Posted on

Daulat ki Chaat

THE INEXPENSIVE WEALTHY CHAAT

By Prakriti Bhat

As Delhi’s winters give way to the scorching summer heat, we are all left to reminisce about the chilly months that went by. Dilli ki sardi is quite popular for its spine chilling (literally) dip in the temperature that forces you to snuggle inside a cosy blanket with a cup of tea or coffee. However, come winters and Delhites venture out of their homes to gorge on seasonal delicacies like Kadhai ka Doodh, piping hot Jalebis and Gajar Ka Halwa.

But what I, as a foodie, want Delhi to be famous for is Daulat Ki Chaat. A lesser known delicacy available only in winters, Daulat ki Chaat will make you fall in love with it instantly. Available exclusively in old Delhi, it is nothing like your regular chaat that tickles your palate with its spicy and tangy flavor. This one is sweet. Yes, Daulat ki Chaat is a dessert whose job is not to tease but to please! It is extremely light and can be eaten after a heavy meal. Unlike other Chaat items, this one soothes your senses.

Literally translating to ‘The wealthy chaat/snack’, Daulat ki Chaat is a product of hours of toil. The process is quite cumbersome as it takes several hours of manual labour. Milk and cream are churned together for 3-4 hours continuously. This causes a thick layer of foam to accumulate on the top which is carefully removed and collected in a separate dish. To a few parts, saffron is added which lends a yellow colour to it. This large dish (like a gigantic thali) is placed on a wooden stand as customers drop by to devour it.

daulat ki chaat
Daulat ki Chaat

In a plate this foam is taken, both the plain white and the saffron one, which are topped with Khoya and powdered sugar. After trying for 2 months, I finally got to taste this dish. All it took was a spoonful and I instantly knew that I had Nirvana on my plate! The texture is extremely soft. In fact, soft would be an understatement. The frothy texture melts in your mouth and the khoya and sugar make it a sweet and toothsome delight.

From November to mid March, Chandni Chowk hides several vendors of Daulat Ki Chaat in its sly and narrow alleyways. I tried it in two places in Chandni Chowk. One was in Katra Neel, outside Chanda Fashion. Anil Chand Kumar, the vendor prepares every plate with great care and expertise. Anil claims that 40 years ago his dadaji (grandfather) was the first one to bring Daulat Ki Chaat on the streets of Delhi-6. From November to March, he sells Daulat ki Chaat in Katra Neel and the rest of the year he works at his family’s shop- Baba Chaat Corner in Jogiwara, opposite to the Bhairon Temple. He served one plate for 50 rupees.

Another vendor, Hukum Singh stands bang opposite to Natraj Dahi Bhalle Wala from 9 a.m. every day. Hukum Singh hails from Moradabad, U.P. and learnt the art of making Daulat ki Chaat from his mamaji (maternal uncle) who has been selling it in Kinari Bazaar since the last 25 years. He started selling Daulat ki Chaat about 9 years ago. With a happy and content smile he says, “The process of churning goes on till about 3-3:30 in the morning. After holi, it becomes too hot for Daulat Ki Chaat as the foam begins to disintegrate. So I go back to my hometown where farming keeps me busy till the next October-November.” Here, one plate was for around 35-40 bucks.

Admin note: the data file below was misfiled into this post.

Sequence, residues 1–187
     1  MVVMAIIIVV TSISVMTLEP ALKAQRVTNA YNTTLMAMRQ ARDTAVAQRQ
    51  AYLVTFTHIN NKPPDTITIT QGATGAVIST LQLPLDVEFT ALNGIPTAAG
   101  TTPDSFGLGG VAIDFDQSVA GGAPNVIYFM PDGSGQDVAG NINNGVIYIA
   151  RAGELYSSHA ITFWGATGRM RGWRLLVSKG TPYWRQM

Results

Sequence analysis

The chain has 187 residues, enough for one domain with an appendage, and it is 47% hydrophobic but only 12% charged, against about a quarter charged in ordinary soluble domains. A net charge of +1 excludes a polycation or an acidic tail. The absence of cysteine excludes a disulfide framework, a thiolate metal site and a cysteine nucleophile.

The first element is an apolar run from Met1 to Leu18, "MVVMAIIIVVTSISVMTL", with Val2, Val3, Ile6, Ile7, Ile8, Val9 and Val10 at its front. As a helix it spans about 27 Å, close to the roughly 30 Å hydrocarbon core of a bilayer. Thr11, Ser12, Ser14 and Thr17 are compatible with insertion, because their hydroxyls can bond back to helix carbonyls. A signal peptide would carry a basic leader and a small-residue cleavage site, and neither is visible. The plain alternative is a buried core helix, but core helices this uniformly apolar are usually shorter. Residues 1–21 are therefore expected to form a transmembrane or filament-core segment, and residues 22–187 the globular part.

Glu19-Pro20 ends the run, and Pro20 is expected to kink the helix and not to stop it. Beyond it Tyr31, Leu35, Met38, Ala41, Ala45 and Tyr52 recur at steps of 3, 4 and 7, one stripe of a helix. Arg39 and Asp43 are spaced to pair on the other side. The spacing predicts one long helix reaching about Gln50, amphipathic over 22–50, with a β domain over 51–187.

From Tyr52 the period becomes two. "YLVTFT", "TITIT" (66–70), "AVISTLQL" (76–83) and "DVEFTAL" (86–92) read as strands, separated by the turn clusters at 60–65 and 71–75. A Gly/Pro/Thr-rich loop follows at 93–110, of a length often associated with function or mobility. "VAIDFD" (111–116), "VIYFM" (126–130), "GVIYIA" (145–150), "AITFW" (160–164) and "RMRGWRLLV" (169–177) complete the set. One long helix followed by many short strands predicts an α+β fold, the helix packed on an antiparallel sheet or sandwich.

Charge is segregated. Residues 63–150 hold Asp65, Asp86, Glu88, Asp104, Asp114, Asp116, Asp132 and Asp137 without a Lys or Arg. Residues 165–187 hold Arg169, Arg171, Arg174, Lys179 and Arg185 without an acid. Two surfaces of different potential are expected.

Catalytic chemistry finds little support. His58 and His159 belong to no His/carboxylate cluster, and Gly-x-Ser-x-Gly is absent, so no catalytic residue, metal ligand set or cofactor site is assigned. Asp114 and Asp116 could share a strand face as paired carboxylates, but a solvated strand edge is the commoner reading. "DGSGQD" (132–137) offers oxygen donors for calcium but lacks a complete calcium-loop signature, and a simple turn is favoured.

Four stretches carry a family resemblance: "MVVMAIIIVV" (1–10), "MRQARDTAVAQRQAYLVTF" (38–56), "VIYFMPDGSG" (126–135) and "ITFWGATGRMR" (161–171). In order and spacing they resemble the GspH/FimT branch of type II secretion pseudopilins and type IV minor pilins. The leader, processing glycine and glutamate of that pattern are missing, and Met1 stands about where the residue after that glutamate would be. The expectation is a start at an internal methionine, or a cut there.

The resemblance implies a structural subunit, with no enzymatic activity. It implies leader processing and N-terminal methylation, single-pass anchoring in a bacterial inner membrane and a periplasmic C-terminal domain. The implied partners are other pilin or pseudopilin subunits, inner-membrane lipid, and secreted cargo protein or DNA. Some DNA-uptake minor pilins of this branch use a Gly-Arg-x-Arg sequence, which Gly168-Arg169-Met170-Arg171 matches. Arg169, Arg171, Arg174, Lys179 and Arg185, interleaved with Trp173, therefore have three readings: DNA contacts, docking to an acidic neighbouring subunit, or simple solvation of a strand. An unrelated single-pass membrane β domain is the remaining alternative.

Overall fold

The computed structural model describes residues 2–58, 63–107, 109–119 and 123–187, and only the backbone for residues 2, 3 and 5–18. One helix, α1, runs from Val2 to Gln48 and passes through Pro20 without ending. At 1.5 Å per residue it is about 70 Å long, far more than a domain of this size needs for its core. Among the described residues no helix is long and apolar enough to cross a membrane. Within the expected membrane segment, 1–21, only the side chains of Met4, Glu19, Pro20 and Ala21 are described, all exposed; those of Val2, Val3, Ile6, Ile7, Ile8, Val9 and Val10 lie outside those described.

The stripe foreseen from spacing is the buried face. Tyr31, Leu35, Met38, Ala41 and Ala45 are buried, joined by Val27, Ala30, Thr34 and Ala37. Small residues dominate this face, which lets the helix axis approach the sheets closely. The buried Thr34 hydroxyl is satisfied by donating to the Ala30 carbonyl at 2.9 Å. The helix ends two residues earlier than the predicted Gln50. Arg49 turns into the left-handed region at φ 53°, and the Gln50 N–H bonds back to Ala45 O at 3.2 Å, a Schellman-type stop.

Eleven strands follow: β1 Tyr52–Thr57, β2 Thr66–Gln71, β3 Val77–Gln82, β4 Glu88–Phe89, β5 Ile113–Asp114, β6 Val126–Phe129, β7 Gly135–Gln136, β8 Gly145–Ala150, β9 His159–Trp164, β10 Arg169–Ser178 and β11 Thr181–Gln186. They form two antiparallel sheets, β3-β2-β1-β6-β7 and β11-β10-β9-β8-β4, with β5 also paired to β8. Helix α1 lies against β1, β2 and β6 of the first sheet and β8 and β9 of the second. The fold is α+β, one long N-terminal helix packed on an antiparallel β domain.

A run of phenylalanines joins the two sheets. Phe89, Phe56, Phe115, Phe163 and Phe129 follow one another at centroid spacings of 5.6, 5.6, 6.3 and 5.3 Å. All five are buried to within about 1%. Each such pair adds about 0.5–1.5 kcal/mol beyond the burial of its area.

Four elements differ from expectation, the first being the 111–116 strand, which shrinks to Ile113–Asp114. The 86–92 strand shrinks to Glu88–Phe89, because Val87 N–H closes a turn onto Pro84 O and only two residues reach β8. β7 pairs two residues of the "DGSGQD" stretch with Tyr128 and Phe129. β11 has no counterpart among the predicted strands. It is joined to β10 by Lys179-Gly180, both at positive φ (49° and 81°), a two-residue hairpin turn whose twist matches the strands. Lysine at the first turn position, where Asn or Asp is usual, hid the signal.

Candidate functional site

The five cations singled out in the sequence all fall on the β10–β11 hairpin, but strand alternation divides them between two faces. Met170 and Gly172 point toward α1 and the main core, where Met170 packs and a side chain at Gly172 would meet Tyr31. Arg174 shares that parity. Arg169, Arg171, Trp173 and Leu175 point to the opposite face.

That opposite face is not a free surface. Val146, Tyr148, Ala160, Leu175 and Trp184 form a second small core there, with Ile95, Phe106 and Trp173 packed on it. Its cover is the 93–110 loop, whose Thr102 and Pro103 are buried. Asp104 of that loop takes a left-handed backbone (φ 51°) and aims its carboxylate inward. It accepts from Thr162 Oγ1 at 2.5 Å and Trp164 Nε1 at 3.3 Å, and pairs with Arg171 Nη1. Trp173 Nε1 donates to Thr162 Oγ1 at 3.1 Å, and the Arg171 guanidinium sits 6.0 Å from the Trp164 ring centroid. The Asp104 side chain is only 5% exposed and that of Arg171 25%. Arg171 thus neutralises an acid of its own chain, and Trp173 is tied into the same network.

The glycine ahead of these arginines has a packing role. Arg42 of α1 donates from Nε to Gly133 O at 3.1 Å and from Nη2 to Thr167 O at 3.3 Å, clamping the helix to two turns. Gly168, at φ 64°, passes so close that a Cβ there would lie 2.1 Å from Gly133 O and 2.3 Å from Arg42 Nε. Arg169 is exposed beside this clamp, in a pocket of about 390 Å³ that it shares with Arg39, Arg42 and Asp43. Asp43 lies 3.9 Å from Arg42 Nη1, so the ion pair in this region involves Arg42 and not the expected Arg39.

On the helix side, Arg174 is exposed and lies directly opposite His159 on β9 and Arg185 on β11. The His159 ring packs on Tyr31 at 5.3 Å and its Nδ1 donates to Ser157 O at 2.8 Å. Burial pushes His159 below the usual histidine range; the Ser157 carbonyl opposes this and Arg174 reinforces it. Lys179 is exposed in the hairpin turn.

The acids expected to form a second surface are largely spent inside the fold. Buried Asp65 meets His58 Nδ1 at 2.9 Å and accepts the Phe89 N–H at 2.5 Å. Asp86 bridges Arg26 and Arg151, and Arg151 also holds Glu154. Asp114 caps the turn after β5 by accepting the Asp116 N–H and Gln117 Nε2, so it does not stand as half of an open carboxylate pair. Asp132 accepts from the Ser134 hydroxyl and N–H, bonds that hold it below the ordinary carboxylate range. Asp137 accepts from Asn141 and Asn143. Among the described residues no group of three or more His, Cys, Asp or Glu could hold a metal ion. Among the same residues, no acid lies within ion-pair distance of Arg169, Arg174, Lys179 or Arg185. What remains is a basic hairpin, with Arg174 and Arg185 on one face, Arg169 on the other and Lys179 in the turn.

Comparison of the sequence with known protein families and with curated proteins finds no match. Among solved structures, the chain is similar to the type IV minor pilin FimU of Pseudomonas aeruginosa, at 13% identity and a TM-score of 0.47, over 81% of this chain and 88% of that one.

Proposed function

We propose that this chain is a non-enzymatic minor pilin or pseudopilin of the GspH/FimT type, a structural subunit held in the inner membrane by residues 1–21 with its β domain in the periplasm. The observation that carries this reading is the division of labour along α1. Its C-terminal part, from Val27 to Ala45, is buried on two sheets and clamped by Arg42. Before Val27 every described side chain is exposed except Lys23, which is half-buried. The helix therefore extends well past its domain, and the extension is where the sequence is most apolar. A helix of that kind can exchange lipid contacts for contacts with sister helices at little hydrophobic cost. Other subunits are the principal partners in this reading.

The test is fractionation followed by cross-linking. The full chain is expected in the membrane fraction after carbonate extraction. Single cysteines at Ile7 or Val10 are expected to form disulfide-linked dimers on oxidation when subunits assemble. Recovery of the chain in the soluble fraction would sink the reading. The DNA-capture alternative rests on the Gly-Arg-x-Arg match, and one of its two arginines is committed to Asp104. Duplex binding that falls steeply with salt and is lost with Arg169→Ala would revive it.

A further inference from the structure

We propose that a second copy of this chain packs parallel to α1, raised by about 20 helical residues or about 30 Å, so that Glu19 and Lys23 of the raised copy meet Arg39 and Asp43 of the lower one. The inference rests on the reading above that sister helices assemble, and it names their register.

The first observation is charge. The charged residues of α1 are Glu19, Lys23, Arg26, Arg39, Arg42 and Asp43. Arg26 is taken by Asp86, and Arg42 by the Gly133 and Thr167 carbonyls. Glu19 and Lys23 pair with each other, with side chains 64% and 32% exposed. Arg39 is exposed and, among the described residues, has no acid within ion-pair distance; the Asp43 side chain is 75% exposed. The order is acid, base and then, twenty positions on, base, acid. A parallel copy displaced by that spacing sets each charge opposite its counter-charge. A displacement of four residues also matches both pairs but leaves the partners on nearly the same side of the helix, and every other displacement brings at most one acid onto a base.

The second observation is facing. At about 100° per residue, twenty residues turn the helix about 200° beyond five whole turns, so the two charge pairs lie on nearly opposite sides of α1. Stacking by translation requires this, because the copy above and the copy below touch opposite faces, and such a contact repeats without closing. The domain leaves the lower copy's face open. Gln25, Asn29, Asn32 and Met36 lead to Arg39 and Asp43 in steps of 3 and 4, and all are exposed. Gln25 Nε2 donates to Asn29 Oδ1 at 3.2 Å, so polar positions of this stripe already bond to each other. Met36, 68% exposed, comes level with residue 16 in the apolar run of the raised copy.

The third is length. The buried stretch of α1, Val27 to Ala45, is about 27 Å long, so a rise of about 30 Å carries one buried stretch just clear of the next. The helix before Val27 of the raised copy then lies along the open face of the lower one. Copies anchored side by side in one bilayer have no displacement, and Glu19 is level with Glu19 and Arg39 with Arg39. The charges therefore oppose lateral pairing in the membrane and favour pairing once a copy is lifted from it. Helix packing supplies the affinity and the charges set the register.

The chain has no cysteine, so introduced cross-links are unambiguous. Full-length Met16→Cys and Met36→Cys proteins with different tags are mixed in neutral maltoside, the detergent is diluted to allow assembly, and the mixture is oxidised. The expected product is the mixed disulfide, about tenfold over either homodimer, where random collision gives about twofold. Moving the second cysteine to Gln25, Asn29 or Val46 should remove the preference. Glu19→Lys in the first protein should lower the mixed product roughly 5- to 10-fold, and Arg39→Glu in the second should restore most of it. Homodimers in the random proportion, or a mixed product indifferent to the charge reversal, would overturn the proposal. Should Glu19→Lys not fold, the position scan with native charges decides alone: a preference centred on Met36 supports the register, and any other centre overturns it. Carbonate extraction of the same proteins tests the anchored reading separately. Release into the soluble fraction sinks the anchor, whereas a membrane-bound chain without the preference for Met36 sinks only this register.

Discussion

Chandni Chowk has many mouth-watering dishes to offer. But things like Daulat ki Chaat go unnoticed. I hope this dessert does not fade away into oblivion, swallowed by the stiff competition from popular restaurants.

Another article on Daulat Ki Chaat – http://www.delhifoodwalks.com/blog/daulat-ki-chaat/

Anubhav Sapra is an avid foodie! He is a Founder but proudly calls himself a Foodie-in-chief at Delhi Food Walks. He is also a street-food and Indian regional cuisine connoisseur and loves to write about street-food.
Posted on

Desi Roots

Desi Roots

By Anubhav Sapra

There are very few restaurants in Delhi which have a “pull” factor. Desi Roots seems to be one of them. It is delightful how the dishes are experimented with and yet have their “desipan” intact. Its ambience which has already been talked about a lot is worth mentioning here for its creativity and how it instills a re-learning of the childhood days. It does make you observe how things have changed since then.

Here, you will be greeted with the relaxing sound of a bell. The ambience reminds you of your past especially if you were born in the late ’70s or the ’80s. The wall is painted beautifully with children’s games – which today seem to have been lost somewhere – like lattu, kancha, stapu and many others. I can associate with this very well; I remember how I used to play lattu the whole day under the scorching sun outside my house. Another corner of this place has a trunk that consists of comics like Champak and Chacha Choudhary. Reminding me of my early days again, it gives me immense pleasure to share it here that I had a large number of comics which I used to lend to my friends. I acted like a little librarian, keeping records in a notebook. On the other side of the café, are big milk cans, a sewing table, a coal iron, a headlight of “Humara Bajaj” scooter- all bound to make one nostalgic.

IMG_20150506_131519Coming to food, Desi Roots has an interesting desi menu with a modern twist. The guests are treated to a complimentary medu-vada, which is a dal pakoda served with coconut and mint chutney. It is important to mention here that the staff was very welcoming. Personally, what matters to me more than the food is the warmth with which it is served. On the recommendation of the chef, I started with lamb galauti paate with ulte tawe ka parantha. The galauti kebabs are grounded in to a spreadable paste. Galauti which means ‘melt-in-mouth’ comes with a twist where you relish a ‘bite-sized ulte tawe ka parantha’ with its pate and mint chutney, topping it with some spiced onions for an extra edge.